In The Heart of Everything That Is, Bob Drury and Tom Clavin, the New York Times best-selling authors of Halsey’s Typhoon and The Last Stand of Fox Company, restore Red Cloud to his rightful primacy in American history in a sweeping and dramatic narrative based on years of primary research. As they trace the events leading to Red Cloud’s War they provide intimate portraits of the many and various men and women whose lives Red Cloud touched—epic mountain men such as the larger-than-life Jim Bridger; American Generals like William Tecumsah Sherman who were charged with annihilating the Sioux; fearless explorers such as the dashing John Bozeman; and the memorable warriors whom Red Cloud groomed, the legendary Crazy Horse in particular. And residing in the heart of this narrative is Red Cloud, fighting for the very existence of the Indian way of life.
Red Cloud's two-year war featured the deaths of hundreds on both side as well as unspeakable atrocities. The fighting peaked on a bitter cold day in December 1866 when the decorated Civil War hero Major William Judd Fetterman led a column of cavalry and dragoons into the war’s climactic engagement. By the end of that fateful day not a white man was let alive on the blood-soaked battlefield. The government in Washington sued for peace and agreed to abandon the forts defacing the Powder River Country. A triumphant Red Cloud burned them to the ground.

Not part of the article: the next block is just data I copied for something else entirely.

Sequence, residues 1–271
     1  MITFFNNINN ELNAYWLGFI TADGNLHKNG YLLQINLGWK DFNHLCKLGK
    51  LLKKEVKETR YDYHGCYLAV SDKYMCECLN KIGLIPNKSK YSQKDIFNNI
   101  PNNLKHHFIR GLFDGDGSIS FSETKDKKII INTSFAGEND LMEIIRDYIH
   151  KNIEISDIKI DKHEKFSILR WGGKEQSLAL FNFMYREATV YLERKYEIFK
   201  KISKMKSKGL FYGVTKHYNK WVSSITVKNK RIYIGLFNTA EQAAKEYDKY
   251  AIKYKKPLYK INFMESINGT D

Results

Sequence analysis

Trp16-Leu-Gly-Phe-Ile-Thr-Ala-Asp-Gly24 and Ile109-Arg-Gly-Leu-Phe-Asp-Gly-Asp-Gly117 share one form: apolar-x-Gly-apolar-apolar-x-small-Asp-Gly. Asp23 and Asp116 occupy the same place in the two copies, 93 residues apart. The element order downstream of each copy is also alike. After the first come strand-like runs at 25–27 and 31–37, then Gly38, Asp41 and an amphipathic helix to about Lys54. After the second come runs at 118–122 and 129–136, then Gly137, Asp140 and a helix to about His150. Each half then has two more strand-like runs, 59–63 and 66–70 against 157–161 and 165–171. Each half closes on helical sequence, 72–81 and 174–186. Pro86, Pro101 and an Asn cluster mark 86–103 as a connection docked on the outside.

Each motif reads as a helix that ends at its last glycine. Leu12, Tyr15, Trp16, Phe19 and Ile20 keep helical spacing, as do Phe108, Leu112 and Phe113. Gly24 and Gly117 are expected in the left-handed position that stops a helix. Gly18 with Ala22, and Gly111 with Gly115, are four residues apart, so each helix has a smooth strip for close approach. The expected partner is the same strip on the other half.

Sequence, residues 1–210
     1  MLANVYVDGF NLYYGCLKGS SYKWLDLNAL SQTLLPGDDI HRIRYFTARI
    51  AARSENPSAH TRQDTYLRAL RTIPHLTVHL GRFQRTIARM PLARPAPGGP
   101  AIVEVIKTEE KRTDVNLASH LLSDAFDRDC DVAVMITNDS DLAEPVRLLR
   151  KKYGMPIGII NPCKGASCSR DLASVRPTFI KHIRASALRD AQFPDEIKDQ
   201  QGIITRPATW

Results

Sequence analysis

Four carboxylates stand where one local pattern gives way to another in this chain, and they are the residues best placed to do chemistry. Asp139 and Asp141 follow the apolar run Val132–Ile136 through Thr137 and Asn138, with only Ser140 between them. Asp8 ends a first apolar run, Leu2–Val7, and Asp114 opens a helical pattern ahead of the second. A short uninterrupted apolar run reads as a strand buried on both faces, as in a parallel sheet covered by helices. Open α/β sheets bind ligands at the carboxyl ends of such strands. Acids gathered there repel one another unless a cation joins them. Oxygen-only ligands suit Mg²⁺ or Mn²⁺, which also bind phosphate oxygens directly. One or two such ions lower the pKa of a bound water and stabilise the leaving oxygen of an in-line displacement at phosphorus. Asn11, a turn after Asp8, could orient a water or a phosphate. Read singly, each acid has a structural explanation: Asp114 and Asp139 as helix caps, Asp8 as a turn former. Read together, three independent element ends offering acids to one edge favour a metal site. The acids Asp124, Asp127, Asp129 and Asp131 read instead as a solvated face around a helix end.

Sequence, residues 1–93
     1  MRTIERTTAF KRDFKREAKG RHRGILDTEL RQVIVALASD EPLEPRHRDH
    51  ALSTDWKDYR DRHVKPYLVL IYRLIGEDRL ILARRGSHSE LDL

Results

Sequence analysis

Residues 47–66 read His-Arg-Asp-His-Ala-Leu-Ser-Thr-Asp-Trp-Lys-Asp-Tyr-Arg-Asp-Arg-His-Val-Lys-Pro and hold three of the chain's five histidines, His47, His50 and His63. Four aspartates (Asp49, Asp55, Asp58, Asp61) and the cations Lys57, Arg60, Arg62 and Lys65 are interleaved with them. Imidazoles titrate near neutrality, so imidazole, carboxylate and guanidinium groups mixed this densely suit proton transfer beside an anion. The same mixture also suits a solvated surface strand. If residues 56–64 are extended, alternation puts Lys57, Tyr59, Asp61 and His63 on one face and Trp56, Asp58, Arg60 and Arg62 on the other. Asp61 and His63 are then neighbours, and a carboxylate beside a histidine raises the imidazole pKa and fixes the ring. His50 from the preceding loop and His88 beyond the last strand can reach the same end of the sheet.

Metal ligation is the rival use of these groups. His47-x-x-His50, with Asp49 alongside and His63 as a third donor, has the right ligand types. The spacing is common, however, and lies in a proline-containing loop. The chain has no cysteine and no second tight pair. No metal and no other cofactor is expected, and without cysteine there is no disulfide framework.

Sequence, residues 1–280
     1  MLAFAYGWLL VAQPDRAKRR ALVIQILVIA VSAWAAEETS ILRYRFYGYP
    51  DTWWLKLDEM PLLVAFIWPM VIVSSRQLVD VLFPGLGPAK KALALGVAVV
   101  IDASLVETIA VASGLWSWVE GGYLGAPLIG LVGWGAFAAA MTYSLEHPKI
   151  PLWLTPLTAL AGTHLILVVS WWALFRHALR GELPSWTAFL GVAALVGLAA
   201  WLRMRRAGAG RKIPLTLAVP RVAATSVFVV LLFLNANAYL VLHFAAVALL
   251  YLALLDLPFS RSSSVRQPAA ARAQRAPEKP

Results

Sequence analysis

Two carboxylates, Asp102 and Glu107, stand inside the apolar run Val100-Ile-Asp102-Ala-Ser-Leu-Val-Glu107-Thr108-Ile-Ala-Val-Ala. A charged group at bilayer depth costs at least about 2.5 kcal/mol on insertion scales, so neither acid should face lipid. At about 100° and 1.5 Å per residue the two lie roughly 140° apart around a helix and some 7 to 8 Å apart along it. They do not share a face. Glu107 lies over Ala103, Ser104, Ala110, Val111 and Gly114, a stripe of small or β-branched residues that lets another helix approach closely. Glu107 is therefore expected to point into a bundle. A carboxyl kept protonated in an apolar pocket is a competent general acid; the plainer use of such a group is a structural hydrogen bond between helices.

This fiery narrative, fueled by contemporary diaries and journals, newspaper reports, eyewitness accounts, and myriad first-hand sourcing, is the definitive story of the conflict between an expanding white civilization and the Plains Indians who stood in its way. The Heart of Everything That Is not only places the reader at the center of this stirring epoch, but finally gives the great warrior-chief Red Cloud the modern-day recognition he deserves.
Red Cloud's New York Times obituary
December 10, 1909
Red Cloud, the famous old Sioux Indian chief, is dead. This information was received today by Supt. Brennan of the Pine Ridge Indian Agency, who is in Washington attending the meeting of those interesting in the education of the Indian.
Red Cloud was formerly one of the greatest of Indian chiefs. He had been desperately ill for the last three years, and toward the end he was blind and decrepit. Although at one time lord of all Kansas, Nebraska, the Dakotas, and parts of Iowa, Minnesota, Wyoming and Montana, it is most likely that Red Cloud died practically penniless. For the last twenty-five years he had been living as a pensioner of the government on its reservation in North Dakota.